TUSTIN — The road to riches in biotechnology has never been easy. But now Southern California companies with experimental drugs are finding it especially difficult.
Consider ImmunoTherapy Corp., a tiny Tustin company with a vaccine intended to combat cancer.
Jeff Lillard, the company's chairman, wants to raise $3.5 million to fund tests in cancer patients. He's talked with more than 100 venture capital firms, investment bankers and big drug firms, but Lillard has nothing to show for it.
His odds of landing capital from traditional sources? About as good, Lillard says, as those of Reggie Jackson coming out of retirement to hit "four home runs in one World Series game."
While the number of companies like ImmunoTherapy seeking money to test their drugs in the doctor's office is growing, capital appears increasingly scarce, observers say.
The high failure rate of drugs in clinical trials has always made it hard to raise money from venture firms and public investors. Now there is the added concern that even successful new drugs won't sell in today's cost-conscious health care industry.
Industry sources estimate that the total investment in biotech firms nationally dropped to $1.8 billion last year from almost $2.7 billion the previous year.
The companies have been forced to get smarter about drug development.
"They've had to get pretty creative about keeping themselves going," said Cynthia Robbins-Roth, editor in chief of BioVenture View, a newsletter that tracks the industry.
Among other strategies, biotech firms are striking alliances with large drug companies, testing inventive stock offerings, raising capital overseas and even concentrating on drugs that cost less to develop.
It generally takes six to nine years and an investment of $50 million to $120 million for an experimental drug to clear human tests and gain regulatory approval for marketing. Three out of four drugs don't make it, so small, struggling biotech firms must fight to stay on track.
"Many of these biotech companies are primarily funded by existing investors, and it's extremely difficult for them to get new investors to jump on," said Howard Wachtler, managing director of Medical Venture Holdings Inc., which manages two health care investment funds.
Gyrating stock values have done little to ease investors' concerns. Shares of Cephalon Inc., for instance, soared in the week after the West Chester, Pa., firm announced its drug Myotrophin slowed the advance of Lou Gehrig's disease in clinical tests.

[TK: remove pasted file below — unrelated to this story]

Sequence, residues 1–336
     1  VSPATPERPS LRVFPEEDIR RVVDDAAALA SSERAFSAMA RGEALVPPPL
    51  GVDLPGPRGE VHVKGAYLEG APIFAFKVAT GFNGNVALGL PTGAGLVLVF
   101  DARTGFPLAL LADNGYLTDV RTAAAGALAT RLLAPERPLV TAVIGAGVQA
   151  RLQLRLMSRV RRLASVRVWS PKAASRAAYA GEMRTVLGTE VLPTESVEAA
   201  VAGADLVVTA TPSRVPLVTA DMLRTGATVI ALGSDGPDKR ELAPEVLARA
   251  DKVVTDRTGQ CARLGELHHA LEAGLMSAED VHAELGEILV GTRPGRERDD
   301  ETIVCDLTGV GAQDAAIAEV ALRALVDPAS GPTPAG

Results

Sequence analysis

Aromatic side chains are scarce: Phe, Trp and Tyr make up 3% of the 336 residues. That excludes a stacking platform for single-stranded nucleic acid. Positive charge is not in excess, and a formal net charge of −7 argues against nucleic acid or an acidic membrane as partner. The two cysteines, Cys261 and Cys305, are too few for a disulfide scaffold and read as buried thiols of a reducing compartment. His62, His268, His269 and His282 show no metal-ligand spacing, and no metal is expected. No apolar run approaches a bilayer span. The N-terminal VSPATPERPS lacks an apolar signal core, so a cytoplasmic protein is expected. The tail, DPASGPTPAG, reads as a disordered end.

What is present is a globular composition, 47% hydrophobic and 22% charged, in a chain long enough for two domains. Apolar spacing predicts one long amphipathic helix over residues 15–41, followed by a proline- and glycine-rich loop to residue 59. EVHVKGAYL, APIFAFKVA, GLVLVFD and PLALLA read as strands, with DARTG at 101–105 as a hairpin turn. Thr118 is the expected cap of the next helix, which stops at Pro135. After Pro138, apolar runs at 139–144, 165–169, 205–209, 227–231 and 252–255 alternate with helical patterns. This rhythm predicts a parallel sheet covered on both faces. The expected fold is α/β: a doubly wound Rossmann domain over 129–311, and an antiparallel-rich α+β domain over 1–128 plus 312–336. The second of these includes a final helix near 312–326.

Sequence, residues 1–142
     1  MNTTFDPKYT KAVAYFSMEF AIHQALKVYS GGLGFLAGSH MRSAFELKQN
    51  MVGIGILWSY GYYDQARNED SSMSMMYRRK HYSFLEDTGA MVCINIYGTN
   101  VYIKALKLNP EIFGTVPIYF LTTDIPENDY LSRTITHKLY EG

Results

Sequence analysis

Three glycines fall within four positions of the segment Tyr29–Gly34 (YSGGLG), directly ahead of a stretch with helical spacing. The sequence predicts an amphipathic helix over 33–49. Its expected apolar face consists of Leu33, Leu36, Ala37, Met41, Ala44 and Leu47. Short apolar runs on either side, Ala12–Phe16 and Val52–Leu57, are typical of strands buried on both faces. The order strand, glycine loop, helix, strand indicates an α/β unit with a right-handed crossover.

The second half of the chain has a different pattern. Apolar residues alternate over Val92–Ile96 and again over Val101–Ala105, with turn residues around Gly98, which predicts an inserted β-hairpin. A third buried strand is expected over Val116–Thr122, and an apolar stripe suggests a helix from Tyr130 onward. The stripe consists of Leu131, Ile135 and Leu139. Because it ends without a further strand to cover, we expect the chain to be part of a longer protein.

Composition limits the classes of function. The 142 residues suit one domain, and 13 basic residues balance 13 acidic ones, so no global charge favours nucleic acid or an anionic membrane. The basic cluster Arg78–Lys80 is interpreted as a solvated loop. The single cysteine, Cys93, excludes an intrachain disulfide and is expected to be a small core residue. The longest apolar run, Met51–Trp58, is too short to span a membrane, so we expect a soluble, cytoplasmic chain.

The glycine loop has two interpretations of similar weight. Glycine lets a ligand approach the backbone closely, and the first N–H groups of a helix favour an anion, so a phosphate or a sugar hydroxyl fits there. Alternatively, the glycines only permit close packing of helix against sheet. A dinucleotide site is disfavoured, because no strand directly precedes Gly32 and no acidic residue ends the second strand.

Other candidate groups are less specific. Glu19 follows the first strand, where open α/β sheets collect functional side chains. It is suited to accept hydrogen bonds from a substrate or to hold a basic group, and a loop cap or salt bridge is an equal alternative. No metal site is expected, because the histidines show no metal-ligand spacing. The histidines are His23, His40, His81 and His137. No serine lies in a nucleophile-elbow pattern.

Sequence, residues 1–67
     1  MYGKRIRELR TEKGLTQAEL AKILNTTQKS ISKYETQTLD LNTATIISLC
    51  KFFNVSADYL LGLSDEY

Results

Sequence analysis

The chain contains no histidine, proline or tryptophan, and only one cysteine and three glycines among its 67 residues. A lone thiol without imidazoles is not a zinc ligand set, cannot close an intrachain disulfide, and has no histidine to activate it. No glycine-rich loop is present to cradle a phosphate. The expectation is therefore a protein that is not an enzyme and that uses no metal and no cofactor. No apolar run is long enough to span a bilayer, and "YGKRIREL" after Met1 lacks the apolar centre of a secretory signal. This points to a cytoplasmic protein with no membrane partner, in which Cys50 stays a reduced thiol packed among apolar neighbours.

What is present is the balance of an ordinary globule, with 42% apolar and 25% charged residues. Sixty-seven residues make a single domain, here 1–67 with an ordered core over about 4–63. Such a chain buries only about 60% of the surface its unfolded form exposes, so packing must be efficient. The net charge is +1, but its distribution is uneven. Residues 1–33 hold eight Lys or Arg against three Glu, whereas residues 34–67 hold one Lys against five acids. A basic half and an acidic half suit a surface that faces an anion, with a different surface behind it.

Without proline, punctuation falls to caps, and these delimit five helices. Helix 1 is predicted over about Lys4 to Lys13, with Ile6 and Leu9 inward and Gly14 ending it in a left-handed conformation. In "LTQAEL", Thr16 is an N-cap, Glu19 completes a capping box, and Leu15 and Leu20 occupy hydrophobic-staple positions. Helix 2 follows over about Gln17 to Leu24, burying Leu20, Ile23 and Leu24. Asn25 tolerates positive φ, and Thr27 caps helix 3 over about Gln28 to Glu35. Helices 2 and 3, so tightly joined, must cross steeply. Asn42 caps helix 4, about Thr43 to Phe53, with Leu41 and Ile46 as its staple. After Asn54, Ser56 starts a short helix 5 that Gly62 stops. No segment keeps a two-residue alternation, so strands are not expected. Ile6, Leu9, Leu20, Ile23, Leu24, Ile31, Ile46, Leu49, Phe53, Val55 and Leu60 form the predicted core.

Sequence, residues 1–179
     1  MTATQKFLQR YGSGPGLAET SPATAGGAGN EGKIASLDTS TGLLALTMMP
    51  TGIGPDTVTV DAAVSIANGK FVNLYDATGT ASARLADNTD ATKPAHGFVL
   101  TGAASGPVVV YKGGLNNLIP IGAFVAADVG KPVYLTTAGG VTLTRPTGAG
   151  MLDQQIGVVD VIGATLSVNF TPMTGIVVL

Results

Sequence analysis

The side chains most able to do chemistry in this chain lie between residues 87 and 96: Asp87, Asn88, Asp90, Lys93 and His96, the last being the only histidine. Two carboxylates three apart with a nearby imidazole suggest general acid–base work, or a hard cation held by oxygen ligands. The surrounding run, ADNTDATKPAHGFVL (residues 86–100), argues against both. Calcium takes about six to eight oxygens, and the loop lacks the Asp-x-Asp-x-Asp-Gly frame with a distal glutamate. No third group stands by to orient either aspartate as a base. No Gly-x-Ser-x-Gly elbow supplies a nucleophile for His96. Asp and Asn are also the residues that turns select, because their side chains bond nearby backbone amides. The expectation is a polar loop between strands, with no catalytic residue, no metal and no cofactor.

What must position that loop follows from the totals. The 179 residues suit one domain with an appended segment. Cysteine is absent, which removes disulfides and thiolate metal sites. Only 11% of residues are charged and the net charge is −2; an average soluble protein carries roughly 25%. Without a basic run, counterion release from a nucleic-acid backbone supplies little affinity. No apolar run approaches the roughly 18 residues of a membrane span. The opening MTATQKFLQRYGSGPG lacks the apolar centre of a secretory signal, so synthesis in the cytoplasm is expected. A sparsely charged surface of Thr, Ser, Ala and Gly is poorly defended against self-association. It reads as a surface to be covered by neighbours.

But shares of Cor Therapeutics, in South San Francisco, tumbled on news that its anti-clotting drug Integrin didn't do much better than a placebo in preventing death or other adverse outcomes in angioplasty patients.
Such clinical disappointments have forced companies to slash their research-and-development budgets. Earlier this year, San Diego-based Gensia Inc., faced with disappointing results for a cardiovascular drug, cut 35 headquarters jobs--laying off four corporate officers, among others.
Yet with a record number of drugs in the human testing phase, the pressure on such companies to prove themselves in clinical tests is only intensifying, analysts say.
Frederick Dorey, president of the Bay Area Bioscience Center, a regional clearinghouse for companies and researchers, predicts that the number of experimental drugs failing in late-stage tests will increase as the huge number of companies started in the 1980s get ready to test their ideas on human subjects.
"The odds are daunting," said Mark Edwards, managing director of Recombinant Capital, a San Francisco consulting firm. "They will fail more often than they will succeed."
Facing such odds, some companies are taking pains to make themselves more attractive to public investors.
Ligand Pharmaceuticals Inc. in San Diego and its larger partner, Irvine-based Allergan Inc., launched a company to develop drugs using their combined technology for naturally occurring hormones called retinoids. The new company, dubbed ALRT, or Allergan Ligand Retinoid Therapeutics, went public June 3 with an initial offering of 3.25 million rights priced at $10 each. The rights, which include a share of ALRT stock and two warrants to purchase Ligand stock in five years, closed Friday at $15.75.
The deal gives Ligand the right to buy the new company's stock back for $120.7 million, or $37.13 a share, in five years--a prospect that gives investors the chance to earn a substantial return on their money. The offering, which sought to raise $32.5 million, was so popular that it attracted $90 million from the public, said Jeff D'Eliscu, an Allergan spokesman.
"We had to give $60 million back," he said.
Other companies are scouring foreign markets for investors.